During the training at ‘Establishment 22’, whenever we were at the small arms range to practice firing with our assault rifles and submachine guns, the image of the Chinese soldier always came to mind as the target,” says SFF veteran Dawa Tsering, who was a Vikas soldier for 22 years.

A Vikas battalion with 670 personnel is similar to the 550-strong Indian Army para commando battalions, and both are smaller than the 900-strong infantry battalions.

The SFF, which participated in the Kargil conflict against Pakistan, suffered eight casualties in mid-1999. Similarly, after the Indian Army was deployed on the Saltoro Ridge/Siachen Glacier since 1984, the SFF has had several deaths due to enemy action and hostile climatic conditions. In 1971, when the SFF fought alongside the Indian Army against Pakistan in what was to soon become Bangladesh, it suffered 46 fatal casualties. 

In 2009, while speaking to Indian Army officers in Leh, the Dalai Lama had clearly stated that India cannot afford to trust China, says Lobsang Lungdok. It appears that New Delhi has forgotten this sage advice.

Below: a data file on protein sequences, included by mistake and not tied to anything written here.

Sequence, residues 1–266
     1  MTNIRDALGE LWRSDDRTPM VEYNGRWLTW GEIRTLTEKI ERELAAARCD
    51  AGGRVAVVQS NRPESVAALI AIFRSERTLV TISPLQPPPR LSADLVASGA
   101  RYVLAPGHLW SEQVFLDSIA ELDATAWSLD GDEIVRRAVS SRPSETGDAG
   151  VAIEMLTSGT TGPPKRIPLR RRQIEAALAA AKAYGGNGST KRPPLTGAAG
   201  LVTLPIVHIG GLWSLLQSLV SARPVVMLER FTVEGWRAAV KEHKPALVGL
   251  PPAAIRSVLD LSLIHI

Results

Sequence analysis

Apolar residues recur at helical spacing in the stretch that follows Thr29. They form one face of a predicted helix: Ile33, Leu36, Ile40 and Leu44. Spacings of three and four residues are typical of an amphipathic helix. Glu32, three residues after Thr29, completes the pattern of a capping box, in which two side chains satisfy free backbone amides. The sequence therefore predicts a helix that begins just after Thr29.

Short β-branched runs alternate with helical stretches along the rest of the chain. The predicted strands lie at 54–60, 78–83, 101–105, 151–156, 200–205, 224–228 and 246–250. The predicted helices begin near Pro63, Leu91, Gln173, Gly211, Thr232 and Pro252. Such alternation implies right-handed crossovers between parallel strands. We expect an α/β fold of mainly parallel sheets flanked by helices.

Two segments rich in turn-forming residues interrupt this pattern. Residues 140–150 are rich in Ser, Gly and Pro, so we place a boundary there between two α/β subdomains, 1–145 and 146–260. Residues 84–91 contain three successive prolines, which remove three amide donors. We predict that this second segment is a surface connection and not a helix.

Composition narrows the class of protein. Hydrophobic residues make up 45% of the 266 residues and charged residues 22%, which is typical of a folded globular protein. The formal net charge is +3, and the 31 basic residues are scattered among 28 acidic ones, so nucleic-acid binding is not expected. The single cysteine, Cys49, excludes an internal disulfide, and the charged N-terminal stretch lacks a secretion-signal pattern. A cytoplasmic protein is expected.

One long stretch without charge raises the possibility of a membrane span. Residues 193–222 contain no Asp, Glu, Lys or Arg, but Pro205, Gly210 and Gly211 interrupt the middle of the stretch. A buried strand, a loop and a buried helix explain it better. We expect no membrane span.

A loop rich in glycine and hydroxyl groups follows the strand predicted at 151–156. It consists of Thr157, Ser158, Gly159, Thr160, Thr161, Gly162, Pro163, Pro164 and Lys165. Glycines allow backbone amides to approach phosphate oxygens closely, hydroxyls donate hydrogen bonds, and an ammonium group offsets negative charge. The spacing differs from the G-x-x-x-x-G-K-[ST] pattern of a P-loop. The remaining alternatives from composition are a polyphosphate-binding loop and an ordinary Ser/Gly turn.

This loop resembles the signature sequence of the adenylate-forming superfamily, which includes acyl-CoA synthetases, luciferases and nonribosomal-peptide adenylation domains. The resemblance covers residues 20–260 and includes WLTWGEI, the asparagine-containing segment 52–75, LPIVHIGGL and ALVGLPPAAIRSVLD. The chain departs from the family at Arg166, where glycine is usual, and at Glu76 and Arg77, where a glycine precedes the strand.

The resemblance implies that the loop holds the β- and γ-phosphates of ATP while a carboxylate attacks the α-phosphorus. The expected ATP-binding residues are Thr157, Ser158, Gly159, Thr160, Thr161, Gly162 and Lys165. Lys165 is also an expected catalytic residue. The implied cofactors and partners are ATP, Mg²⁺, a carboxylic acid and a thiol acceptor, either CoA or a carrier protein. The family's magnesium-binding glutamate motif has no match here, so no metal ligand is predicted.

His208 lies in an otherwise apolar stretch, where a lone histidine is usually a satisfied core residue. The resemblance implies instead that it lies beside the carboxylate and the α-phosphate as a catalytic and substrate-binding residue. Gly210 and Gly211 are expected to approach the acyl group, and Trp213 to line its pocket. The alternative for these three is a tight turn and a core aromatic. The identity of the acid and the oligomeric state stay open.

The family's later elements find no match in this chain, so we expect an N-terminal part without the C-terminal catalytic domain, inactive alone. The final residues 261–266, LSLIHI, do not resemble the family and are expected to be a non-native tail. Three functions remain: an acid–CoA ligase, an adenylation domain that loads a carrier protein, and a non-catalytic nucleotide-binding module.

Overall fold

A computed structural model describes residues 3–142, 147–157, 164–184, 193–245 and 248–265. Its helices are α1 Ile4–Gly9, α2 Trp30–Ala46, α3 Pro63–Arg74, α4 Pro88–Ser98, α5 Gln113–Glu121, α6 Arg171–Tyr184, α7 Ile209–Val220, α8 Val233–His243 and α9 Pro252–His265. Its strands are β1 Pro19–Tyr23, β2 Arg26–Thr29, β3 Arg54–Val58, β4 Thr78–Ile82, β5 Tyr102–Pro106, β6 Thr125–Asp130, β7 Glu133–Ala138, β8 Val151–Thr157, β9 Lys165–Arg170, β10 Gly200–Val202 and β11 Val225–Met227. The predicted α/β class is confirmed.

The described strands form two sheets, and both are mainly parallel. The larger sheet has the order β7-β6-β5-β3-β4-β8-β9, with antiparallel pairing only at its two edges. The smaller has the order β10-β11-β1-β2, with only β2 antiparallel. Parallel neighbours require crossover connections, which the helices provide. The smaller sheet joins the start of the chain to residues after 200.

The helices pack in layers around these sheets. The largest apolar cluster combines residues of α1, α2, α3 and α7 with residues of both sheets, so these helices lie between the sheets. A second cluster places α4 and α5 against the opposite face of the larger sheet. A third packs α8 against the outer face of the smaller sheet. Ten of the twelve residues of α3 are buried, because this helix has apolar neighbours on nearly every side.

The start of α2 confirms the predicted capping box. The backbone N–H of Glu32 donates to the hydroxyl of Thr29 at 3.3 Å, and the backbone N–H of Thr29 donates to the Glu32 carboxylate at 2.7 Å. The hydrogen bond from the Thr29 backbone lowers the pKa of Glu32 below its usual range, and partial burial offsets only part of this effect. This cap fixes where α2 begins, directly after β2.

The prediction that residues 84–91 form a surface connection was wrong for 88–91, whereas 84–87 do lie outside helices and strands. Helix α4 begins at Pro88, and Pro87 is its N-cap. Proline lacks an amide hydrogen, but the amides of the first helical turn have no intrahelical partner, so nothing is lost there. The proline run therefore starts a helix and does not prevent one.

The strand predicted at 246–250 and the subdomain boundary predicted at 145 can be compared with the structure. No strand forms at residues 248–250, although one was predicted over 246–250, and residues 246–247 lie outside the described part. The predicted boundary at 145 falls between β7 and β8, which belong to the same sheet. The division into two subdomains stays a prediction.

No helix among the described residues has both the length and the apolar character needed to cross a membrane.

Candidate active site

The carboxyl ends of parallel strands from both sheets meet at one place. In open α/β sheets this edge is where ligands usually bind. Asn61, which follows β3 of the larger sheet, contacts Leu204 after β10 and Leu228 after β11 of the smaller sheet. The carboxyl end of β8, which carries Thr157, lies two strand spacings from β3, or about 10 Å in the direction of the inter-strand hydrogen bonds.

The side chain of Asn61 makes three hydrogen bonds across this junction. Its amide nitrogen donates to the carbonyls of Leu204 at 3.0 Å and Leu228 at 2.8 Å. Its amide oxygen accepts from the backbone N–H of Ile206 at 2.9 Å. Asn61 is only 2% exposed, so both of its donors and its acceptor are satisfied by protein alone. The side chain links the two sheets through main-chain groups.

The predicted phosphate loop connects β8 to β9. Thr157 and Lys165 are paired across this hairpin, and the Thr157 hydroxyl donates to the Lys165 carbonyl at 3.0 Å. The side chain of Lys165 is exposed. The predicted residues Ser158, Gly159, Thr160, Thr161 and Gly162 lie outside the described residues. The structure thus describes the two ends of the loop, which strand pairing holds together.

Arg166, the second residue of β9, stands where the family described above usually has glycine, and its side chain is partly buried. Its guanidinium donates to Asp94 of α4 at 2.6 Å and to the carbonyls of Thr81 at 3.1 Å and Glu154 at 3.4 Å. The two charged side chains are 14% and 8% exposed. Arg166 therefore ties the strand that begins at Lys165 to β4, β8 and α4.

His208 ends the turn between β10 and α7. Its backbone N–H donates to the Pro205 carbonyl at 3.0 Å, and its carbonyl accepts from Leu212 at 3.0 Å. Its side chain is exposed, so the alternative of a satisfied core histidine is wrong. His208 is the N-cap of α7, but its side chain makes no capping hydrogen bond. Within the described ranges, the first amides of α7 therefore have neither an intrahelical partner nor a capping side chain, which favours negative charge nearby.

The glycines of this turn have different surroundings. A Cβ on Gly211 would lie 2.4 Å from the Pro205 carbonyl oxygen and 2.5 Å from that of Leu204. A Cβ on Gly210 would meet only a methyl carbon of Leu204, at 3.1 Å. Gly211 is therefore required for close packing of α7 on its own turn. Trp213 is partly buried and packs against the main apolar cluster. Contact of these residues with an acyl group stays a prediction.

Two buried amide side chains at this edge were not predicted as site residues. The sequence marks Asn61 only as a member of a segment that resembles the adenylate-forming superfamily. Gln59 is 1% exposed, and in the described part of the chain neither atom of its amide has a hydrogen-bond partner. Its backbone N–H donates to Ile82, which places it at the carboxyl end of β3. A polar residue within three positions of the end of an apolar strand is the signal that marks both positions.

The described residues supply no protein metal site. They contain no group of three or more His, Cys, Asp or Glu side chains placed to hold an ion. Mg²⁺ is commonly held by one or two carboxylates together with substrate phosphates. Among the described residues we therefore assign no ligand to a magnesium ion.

Tsering Lhakyap, the Tibetan Youth Congress leader, says that only when Tibet is free of the Chinese and peaceful that India can become secure from the Chinese threat. After the Chinese annexation of Tibet, the buffer between India and China ceased to exist and the two Asian powers became neighbours and Chinese expansionist policies have led to military clashes time and again.

“India is our second homeland after Tibet and therefore India, as our adopted country, has a role to play in the liberation of Tibet. Late Prime Minister Jawaharlal Nehru had said Tibet is not a part of China considering that historically Tibet was independent for the last 3,000 years, with its own national flag and currency,” Lhakyap says. “History cannot be altered. Besides, the Tibetan people are ethnically and culturally different from the Chinese.” 

Lhakyap says that the Tibetan community in exile is not keen on Indian citizenship in exchange for their Registration Certificates issued by the Government of India. Rather, he says, the aim of their exile in India is for them to be able to someday return to their homeland in Tibet, with assistance from the Indian State. Whenever they present a memorandum to the Government of India, the refrain is to have a trilateral meeting between Beijing, New Delhi and the Dalai Lama, he says. 

Asked about the successor to the Dalai Lama, Lhakyap says no Tibetan anywhere in the world will accept a China-designated leader. We will accept only a person whom the Dalai Lama appoints as successor. He adds that “the Dalai Lama belongs to India and we appeal to the Government of India to consider His Holiness for the award of a Bharat Ratna.”

Former SFF commando Tamding Tamding, after a parachute landing

The Dalai Lama’s late mother with SFF women commandos

The late Defence Minister George Fernandes greeting SFF commandos during the Kargil War